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Introduction

Diabetes mellitus (DM) is a complex metabolic disorder featuring chronic hyperglycemia and tremendously impacts human health worldwide. Hyperglycemia contributes to the long-term diabetic complications i.e., retinopathy, nephropathy and neuropathy (Aronsonons, 2008). Epidemiological evidence suggests that patients with DM have a significantly high risk (50–100%) of developing Alzheimer’s disease (Biessels et al., 2006). Diabetic patients exhibit cognitive impairment including damaged verbal memory, diminished mental speed and mental flexibility (Cukierman, Gerstein & Williason, 2005). Chronic hyperglycemia may accelerate the development of Alzheimer’s disease, and many Alzheimer’s patients exhibit impaired fasting glucose (Janson et al., 2004).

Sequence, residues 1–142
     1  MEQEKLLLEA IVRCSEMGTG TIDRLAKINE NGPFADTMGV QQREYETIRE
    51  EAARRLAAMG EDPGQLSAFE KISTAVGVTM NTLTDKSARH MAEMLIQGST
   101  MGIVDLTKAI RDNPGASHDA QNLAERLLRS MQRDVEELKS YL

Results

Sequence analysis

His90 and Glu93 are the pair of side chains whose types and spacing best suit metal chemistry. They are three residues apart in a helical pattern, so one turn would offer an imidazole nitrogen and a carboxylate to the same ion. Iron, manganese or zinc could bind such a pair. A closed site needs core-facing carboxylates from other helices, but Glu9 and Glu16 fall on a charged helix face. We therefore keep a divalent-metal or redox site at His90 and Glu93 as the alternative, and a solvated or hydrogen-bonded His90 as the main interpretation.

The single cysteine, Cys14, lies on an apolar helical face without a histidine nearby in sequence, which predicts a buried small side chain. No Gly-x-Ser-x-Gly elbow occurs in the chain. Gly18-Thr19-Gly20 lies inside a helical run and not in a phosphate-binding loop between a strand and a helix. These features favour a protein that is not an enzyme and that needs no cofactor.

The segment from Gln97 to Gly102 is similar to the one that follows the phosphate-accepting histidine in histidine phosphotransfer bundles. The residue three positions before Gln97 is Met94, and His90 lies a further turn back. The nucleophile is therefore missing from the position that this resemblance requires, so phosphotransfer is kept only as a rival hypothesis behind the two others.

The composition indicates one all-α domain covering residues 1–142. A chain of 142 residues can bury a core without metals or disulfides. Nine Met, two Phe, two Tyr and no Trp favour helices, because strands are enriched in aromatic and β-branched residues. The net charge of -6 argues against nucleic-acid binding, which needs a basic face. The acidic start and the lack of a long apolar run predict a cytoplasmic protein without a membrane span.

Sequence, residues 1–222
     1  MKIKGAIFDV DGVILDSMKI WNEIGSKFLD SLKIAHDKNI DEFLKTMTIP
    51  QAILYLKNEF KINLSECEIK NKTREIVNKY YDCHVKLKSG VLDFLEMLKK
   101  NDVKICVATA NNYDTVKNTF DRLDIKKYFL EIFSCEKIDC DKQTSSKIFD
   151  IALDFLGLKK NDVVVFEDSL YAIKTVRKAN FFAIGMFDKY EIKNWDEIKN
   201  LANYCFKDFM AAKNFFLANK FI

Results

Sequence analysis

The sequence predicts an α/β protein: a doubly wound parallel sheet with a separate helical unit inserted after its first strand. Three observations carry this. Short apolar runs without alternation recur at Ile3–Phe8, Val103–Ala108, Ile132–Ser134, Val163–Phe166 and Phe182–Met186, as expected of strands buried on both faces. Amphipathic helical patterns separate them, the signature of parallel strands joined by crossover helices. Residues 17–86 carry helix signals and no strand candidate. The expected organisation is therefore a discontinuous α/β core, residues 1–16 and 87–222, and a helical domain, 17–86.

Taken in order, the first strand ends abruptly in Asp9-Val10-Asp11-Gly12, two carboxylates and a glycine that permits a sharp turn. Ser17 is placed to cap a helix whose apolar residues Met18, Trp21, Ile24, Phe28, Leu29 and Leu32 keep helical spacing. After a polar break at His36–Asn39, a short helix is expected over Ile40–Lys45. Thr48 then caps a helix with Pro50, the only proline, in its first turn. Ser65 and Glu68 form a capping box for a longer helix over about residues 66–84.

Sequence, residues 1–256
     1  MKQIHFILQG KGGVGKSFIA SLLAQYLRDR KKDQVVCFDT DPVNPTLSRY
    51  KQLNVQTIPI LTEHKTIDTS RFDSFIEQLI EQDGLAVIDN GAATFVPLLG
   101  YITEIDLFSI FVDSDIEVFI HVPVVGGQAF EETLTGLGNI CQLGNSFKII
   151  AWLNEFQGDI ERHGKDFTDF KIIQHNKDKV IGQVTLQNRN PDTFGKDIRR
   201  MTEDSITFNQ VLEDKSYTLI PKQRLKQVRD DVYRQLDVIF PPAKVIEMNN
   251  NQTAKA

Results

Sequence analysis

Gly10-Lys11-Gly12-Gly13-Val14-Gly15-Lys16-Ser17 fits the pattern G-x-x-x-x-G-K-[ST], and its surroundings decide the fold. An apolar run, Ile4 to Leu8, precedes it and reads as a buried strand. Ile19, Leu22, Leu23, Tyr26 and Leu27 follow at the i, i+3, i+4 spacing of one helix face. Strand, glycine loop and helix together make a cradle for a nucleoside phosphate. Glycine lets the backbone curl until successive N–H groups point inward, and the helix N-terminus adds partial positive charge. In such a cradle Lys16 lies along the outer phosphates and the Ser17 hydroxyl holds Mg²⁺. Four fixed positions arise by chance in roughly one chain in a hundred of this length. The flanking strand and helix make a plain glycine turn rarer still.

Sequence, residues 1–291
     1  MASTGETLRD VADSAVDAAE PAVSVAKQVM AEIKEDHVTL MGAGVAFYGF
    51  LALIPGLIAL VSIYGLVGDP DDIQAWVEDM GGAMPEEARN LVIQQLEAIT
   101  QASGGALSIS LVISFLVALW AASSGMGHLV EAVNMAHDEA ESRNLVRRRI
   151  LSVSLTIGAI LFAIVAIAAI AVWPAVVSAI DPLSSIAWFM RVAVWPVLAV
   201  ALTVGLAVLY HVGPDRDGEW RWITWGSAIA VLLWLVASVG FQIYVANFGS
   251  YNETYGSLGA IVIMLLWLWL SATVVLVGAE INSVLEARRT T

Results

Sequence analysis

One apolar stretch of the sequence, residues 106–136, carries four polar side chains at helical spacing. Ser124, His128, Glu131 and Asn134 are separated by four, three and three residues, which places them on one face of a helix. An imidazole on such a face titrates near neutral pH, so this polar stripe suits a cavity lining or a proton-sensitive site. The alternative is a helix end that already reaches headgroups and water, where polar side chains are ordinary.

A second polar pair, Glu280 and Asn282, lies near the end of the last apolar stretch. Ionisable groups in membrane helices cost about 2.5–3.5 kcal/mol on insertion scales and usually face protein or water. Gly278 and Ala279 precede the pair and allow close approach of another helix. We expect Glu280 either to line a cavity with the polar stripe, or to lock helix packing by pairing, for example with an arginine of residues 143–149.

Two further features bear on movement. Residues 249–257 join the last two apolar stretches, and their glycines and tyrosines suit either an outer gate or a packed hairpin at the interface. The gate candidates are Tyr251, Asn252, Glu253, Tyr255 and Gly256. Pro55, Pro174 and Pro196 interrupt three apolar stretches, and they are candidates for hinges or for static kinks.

Neuronal cells cannot protect themselves from the harmful effects of excess glucose. The most likely mechanism for glucose toxicity is the generation of excess reactive oxygen species (ROS) via multiple mitochondrial and non-mitochondrial pathways (Newsholme et al., 2007). In addition to ROS production, high glucose levels trigger multiple biochemical pathways and toxicity, which contribute to damage to DNA, lipid, proteins and subsequent neurotoxicity (Li et al., 2014). However, the mechanisms underlying the association of high glucose with neurodegeneration remain to be fully elucidated.